By Sid Salter
STARKVILLE – The U.S. Social Security and Medicare programs are continuing their inexorable slide toward insolvency while Congress engages in partisan gamesmanship and posturing for advantage in the 2012 federal election cycle.
This week, Americans learned that the $2.7 trillion Social Security Trust Fund will run out of money in 2033 – some four years earlier than forecast just a year ago. Medicare is slated to run out of money in 2024 despite a two percent cut in Medicare last year.
But the pace of Medicare spending continued to increase sufficiently to make that cut a moot point. How utterly convenient that Americans learn after the health care reform package is approved in Congress that Social Security is worse off than we were told just 12 months ago.
Those numbers resound as retirees and the 78 million Baby Boomers who aspire to be retirees find out that their retirement nest egg has been compromised by years of congressional mismanagement. There are currently some 56 million Americans drawing Social Security with average benefits of $1,232 per month
Over the next decade, the Obama administration proposes some $45.8 trillion of spending with some $20 trillion of that to be spent on Social Security (retirement pensions), Medicaid (health care for the poor, the blind, disabled and children), and Medicare (health care for senior citizens).
Not only is Social Security upside down in terms of benefits paid versus payroll deductions received , but the Social Security trust fund has been reduced by $2.5 trillion worth of congressional borrowing. What retirees and Baby Boomers really have in terms of that “nest egg” they thought they had when FICA was being deducted from their payroll checks is in reality a pile of IOUs in a filing cabinet in Parkersburg, W. Va.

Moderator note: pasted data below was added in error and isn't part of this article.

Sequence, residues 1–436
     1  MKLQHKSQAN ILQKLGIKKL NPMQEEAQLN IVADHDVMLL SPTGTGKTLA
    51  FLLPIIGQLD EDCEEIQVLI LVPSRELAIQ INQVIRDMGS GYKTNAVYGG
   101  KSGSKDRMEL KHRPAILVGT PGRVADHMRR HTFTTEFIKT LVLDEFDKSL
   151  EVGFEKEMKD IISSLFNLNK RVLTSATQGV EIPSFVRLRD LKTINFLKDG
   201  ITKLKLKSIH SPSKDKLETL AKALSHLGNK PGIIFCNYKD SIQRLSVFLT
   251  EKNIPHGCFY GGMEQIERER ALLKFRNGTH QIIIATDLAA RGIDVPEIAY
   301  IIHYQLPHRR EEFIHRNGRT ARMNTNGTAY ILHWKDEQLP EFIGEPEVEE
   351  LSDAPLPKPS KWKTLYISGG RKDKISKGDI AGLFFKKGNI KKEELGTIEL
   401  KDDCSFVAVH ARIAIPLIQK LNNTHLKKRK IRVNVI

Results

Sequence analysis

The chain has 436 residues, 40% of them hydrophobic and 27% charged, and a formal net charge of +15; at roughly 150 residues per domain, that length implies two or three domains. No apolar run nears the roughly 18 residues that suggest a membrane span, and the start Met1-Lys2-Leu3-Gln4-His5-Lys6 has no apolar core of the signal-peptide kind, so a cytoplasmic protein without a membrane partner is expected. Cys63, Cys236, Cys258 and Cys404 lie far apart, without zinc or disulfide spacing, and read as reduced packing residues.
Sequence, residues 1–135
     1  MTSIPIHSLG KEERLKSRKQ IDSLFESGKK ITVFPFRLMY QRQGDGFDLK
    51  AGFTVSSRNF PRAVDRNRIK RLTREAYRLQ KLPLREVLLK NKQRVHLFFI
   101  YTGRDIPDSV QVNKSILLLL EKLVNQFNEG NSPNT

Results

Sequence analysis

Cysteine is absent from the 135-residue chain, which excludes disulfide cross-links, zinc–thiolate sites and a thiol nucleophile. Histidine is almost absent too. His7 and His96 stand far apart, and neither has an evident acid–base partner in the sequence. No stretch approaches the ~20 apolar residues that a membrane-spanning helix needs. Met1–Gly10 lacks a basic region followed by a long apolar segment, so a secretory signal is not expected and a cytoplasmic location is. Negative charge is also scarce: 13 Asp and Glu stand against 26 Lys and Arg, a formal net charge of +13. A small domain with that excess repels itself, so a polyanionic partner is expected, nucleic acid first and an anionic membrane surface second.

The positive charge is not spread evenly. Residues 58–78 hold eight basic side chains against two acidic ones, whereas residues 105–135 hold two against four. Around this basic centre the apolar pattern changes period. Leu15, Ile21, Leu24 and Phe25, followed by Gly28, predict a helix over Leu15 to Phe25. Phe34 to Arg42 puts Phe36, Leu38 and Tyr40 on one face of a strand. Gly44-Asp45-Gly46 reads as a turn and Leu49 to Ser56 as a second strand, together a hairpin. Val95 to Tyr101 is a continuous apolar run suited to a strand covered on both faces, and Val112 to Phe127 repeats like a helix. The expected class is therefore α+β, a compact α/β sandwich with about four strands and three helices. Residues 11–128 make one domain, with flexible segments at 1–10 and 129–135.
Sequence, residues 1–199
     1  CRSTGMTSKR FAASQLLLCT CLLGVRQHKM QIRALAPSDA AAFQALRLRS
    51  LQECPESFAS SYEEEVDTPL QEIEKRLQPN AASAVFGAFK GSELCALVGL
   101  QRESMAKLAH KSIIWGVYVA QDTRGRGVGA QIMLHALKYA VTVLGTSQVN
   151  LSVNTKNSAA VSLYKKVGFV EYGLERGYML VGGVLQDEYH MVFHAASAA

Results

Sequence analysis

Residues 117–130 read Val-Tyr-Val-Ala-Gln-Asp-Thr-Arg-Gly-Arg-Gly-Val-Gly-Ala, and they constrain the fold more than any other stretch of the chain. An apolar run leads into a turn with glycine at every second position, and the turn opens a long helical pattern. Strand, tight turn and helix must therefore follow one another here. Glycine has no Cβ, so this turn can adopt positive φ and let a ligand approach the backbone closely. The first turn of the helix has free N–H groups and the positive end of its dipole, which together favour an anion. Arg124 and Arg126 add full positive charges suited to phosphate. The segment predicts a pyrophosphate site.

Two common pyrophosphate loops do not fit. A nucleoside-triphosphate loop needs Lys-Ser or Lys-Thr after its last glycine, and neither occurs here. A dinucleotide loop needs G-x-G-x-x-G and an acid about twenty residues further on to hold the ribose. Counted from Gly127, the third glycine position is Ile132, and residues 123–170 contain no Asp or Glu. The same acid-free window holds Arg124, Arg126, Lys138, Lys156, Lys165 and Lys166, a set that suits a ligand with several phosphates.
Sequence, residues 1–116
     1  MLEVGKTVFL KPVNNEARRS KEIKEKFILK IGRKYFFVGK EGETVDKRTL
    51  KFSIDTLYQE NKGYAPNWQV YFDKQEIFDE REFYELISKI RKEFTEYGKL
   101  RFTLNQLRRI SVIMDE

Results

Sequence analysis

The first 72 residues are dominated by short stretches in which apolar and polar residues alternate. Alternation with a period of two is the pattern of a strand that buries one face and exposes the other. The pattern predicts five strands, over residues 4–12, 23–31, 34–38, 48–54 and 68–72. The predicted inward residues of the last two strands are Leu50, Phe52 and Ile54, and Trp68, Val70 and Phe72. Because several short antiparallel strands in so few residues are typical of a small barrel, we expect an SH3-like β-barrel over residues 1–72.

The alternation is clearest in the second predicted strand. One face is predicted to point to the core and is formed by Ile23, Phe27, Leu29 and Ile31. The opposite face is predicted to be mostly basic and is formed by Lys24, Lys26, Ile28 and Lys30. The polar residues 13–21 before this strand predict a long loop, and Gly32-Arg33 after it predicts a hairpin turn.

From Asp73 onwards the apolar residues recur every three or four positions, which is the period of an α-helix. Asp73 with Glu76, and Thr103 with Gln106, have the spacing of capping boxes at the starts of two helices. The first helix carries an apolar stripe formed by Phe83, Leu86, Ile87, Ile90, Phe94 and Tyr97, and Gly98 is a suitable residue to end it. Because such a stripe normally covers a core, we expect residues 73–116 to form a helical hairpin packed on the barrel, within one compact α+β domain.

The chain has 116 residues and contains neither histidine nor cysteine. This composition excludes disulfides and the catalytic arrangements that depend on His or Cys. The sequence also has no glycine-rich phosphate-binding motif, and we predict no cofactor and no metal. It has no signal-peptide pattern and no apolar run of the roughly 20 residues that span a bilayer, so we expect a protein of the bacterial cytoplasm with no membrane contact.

The 2.5 trillion owed to Social Security is part of the $15.56 trillion national debt. And, oh, by the way, Social Security has a total unfunded liability of well over $8 trillion.
There are no more relevant issues for the future of this country than how to deal with the implications of the slide toward insolvency of Social Security and Medicare. Over the next 75 years, the projected unfunded liabilities of the programs are estimated at $35.5 trillion.
Yes as the President Obama and likely Republican challenger Mitt Romney prepare to square off in earnest, the topic of the day in politics has been whether Romney once transported his dog on the roof of the car during a vacation trip or whether Obama’s childhood diet once included dog meat.
The good news from the recent forecasts involving Social Security and Medicare – the good news – was that the ongoing collection of payroll taxes would allow Social Security to pay 75 percent of full benefits and Medicare to pay about 87 percent of medical costs.
Perhaps a dog might be a useful prop in explaining this mess. When retirees look to Congress for an explanation of what happened to Social Security and Medicare, Congress can simply tell them the dog ate their benefits.
Sid Salter is a syndicated columnist. Contact him at (601) 507-8004 or firstname.lastname@example.org.